• Andrea Fox

Collaborative Practice: A New Way to Divorce in Montana

Updated: Aug 26, 2020

Divorce has been happening for ages. You know the old story - the couple splits up, one party gets everything, everyone is miserable, the attorneys make off with the lion's share of the marital estate, The End! It does not have to be this way. While there are ways to avoid this scenario that do not have a special name, one of the best ways to avoid a bad divorce is to go the Collaborative Practice route.

What is Collaborative Practice?

Simply, Collaborative Practice is a process that takes place outside of Court and where everyone works as a team toward mutually determined common goals.

Less simply, Collaborative Practice is a legal process enabling couples who have decided to seek a divorce to work with their collaboratively trained lawyers and other professionals to avoid court and to reach a settlement that best meets the needs of the parties without the threat of litigation.

Collaborative Practice Law Divorce

The cornerstone of the collaborative process is a contract. The parties sign the contract with their collaboratively trained attorneys and this contract prohibits either party from filing for a divorce in the Court system without the parties reaching a settlement first. If the parties do wish to file in Court, they have to fire their collaborative attorneys and start from scratch.

What does Collaborative Practice look like in motion?

Most commonly, Collaborative Practice involves several sessions where the parties, lawyers, and other professionals meet. Other professionals can be brought in to help resolves issues regarding parenting, financial issues, etc. For instance, a collaboratively trained therapist could be brought in to help the divorcing couple figure out a parenting plan for their children. A collaboratively trained accountant could be brought in to help the couple figure out how to adequately divide the marital estate.

The lawyers and the parties, and any other professionals, generally sit around a table together. The lawyers and other professionals will guide their clients through the agenda for that day's session. This could take an hour, or three, but there is usually a set time limit. At the end of that session, the parties will divvy up homework assignments and set a tentative agenda for the next session.

The parties participate in collaborative sessions until they have reached a settlement. Once a settlement is reached, the attorneys will draft the documents, the parties will sign them, and the divorce is filed in Court. The Court can finalize it without the parties ever setting foot in a Courthouse.

Collaborative Practice sounds a little too good to be true, doesn't it?

I know what you are thinking. "That might work for some people, but not for me." Or maybe you are thinking, "if people got along well enough to make that work, why are they divorcing?" But the truth is that it works for A LOT of people. It works for people who did not expect it to work for them.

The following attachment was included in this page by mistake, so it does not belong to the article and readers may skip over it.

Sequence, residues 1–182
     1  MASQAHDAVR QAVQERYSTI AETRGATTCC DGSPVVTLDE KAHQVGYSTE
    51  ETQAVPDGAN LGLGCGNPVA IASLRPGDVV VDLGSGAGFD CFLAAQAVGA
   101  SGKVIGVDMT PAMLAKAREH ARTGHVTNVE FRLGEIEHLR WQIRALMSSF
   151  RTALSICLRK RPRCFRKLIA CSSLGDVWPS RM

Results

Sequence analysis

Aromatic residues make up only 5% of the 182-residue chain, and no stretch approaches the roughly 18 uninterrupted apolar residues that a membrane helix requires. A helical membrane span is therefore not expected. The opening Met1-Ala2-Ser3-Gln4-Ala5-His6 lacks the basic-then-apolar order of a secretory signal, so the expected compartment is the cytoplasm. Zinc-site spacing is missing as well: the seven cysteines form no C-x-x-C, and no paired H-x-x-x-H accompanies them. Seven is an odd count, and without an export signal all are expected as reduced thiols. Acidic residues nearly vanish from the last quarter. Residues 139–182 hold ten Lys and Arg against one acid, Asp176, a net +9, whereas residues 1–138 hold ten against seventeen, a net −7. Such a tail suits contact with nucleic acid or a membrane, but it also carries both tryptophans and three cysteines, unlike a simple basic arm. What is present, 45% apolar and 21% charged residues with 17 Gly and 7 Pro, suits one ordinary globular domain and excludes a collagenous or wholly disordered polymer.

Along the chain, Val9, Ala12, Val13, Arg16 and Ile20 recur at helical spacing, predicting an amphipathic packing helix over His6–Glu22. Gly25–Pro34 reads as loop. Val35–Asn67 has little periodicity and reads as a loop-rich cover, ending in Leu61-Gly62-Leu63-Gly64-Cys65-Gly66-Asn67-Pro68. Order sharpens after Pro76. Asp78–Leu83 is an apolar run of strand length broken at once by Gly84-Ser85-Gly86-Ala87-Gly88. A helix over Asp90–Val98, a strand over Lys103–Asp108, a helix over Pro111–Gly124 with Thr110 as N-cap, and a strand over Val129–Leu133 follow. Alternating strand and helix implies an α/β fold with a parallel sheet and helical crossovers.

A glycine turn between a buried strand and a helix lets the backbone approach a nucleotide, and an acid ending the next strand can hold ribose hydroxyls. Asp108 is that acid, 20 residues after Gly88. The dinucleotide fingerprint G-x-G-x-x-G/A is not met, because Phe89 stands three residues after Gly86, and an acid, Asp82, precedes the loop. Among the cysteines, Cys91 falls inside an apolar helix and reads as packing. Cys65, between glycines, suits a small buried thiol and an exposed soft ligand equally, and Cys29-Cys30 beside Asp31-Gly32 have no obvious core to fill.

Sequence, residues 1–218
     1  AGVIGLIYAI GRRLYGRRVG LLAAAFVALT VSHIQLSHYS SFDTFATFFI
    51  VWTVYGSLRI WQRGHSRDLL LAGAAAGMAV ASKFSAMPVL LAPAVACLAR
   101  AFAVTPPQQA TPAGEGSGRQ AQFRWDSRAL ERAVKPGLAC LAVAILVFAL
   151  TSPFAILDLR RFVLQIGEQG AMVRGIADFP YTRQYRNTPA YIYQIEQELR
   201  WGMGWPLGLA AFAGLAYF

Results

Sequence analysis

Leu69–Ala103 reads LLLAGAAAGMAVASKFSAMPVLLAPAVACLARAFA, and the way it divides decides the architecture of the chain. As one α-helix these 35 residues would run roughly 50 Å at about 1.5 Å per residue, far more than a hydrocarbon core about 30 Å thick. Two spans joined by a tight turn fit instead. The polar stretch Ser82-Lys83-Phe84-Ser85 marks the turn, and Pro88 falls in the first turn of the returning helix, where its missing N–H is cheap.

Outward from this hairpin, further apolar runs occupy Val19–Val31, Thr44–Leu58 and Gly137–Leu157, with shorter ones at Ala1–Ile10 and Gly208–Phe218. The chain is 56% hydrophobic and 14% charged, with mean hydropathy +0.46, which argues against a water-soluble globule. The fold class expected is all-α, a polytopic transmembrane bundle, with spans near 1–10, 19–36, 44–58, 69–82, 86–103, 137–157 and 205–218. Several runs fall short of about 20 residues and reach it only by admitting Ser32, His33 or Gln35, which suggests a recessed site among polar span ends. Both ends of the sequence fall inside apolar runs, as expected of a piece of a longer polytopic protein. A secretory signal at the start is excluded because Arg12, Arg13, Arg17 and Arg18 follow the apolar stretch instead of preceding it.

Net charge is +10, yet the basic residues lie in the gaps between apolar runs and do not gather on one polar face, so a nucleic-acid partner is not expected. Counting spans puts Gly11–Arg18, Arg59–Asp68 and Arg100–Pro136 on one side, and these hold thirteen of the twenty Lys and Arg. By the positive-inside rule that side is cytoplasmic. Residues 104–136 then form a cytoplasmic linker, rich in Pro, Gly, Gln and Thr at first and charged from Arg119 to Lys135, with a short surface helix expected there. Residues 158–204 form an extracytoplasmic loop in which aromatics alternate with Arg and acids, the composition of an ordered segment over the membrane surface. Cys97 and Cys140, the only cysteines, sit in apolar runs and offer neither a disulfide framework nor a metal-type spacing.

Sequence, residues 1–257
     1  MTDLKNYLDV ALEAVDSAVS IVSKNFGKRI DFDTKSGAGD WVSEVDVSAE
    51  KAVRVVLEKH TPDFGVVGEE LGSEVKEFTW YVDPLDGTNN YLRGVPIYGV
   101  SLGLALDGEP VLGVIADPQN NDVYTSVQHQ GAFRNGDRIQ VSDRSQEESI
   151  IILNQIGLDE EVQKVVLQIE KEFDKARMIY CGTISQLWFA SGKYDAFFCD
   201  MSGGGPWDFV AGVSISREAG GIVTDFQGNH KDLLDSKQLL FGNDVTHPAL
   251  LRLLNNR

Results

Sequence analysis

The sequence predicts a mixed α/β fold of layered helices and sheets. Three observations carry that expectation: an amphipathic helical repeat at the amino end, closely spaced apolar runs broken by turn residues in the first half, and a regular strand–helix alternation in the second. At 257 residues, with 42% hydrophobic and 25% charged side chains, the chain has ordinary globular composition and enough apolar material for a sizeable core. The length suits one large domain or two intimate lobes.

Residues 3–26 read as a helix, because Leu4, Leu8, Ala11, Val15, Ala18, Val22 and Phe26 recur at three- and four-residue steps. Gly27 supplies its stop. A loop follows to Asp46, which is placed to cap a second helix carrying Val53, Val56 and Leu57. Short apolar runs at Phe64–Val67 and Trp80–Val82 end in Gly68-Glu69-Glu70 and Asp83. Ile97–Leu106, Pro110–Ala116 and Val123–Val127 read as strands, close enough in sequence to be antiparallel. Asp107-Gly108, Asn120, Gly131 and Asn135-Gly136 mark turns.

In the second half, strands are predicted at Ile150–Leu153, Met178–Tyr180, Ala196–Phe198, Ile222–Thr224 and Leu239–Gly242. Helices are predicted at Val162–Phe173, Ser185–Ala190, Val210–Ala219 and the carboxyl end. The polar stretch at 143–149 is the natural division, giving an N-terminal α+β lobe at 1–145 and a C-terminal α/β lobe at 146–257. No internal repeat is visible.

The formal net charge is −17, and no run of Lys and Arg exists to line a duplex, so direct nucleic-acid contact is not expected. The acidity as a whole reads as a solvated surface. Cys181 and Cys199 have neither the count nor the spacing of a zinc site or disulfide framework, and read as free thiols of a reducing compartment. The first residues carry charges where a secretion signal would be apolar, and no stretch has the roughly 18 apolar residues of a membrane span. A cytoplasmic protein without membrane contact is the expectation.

People who divorce using Collaborative Practice report a very high satisfaction rate with their divorce. Yes. You can be satisfied with your divorce!

If you have come to the point in your marriage where you feel like it is time to divorce, you might not see how you could sit down at a table and work out the settlement with your spouse. But that is what your trained attorneys and professionals are designed to help you do. Your job is to show up and participate. Our job is to lead you through the process.

Sometimes things get heated or emotional in a session. This is normal and ok. The parties are allowed to take breaks, go into another room, even cut a session short if need be. And, your trained attorneys know how to handle these situations.

Is Collaborative Practice offered in Montana?

The answer to this one is a resounding YES!

In 2015 a hard-working bunch of my colleagues and friends fought hard to get the Uniform Collaborative Law Act passed in Montana. And they succeeded! Check out the Montana Code Annotated 25-40-101 et. seq.

There are 35+ collaboratively trained professionals in Montana. I can think of at least two, generally more, collaboratively trained attorneys in each larger Montana city.

This is going to be really expensive, isn't it?

The answer to this one is a resounding NO!

Collaborative divorces are generally a lot cheaper than a regular divorce. Why? Because all of your time and resources (read: money) are going towards a resolution. In a standard divorce, some of the time and money goes towards resolution, but the biggest chunk of cash goes towards preparing for Court. If you take Court out of the equation, your divorce just got a lot cheaper.

Collaborative Costs Less Money

Collaborative lawyers charge the same hourly rate for doing collaborative as they do for doing a regular divorce, so you are not paying any extra to take advantage of their training and expertise in this area, and your money is not getting funneled into the time consuming court process.

How do I get started?

Contact an attorney who is trained in collaborative law. If you contact one collaboratively trained lawyer, they can refer you to someone trained in collaborative who can represent your spouse. Once you both have hired your collaboratively trained lawyers, they will guide you on the first steps.

Collaborative Practice is a wonderful new way to get the best divorce result possible. You will be able to look back on your divorce and be truly satisfied with the result.

I am currently taking Collaborative cases in Kalispell and Helena, and I can refer your spouse to an excellent, collaboratively trained attorney in either city. Contact me if you are interested in learning more.


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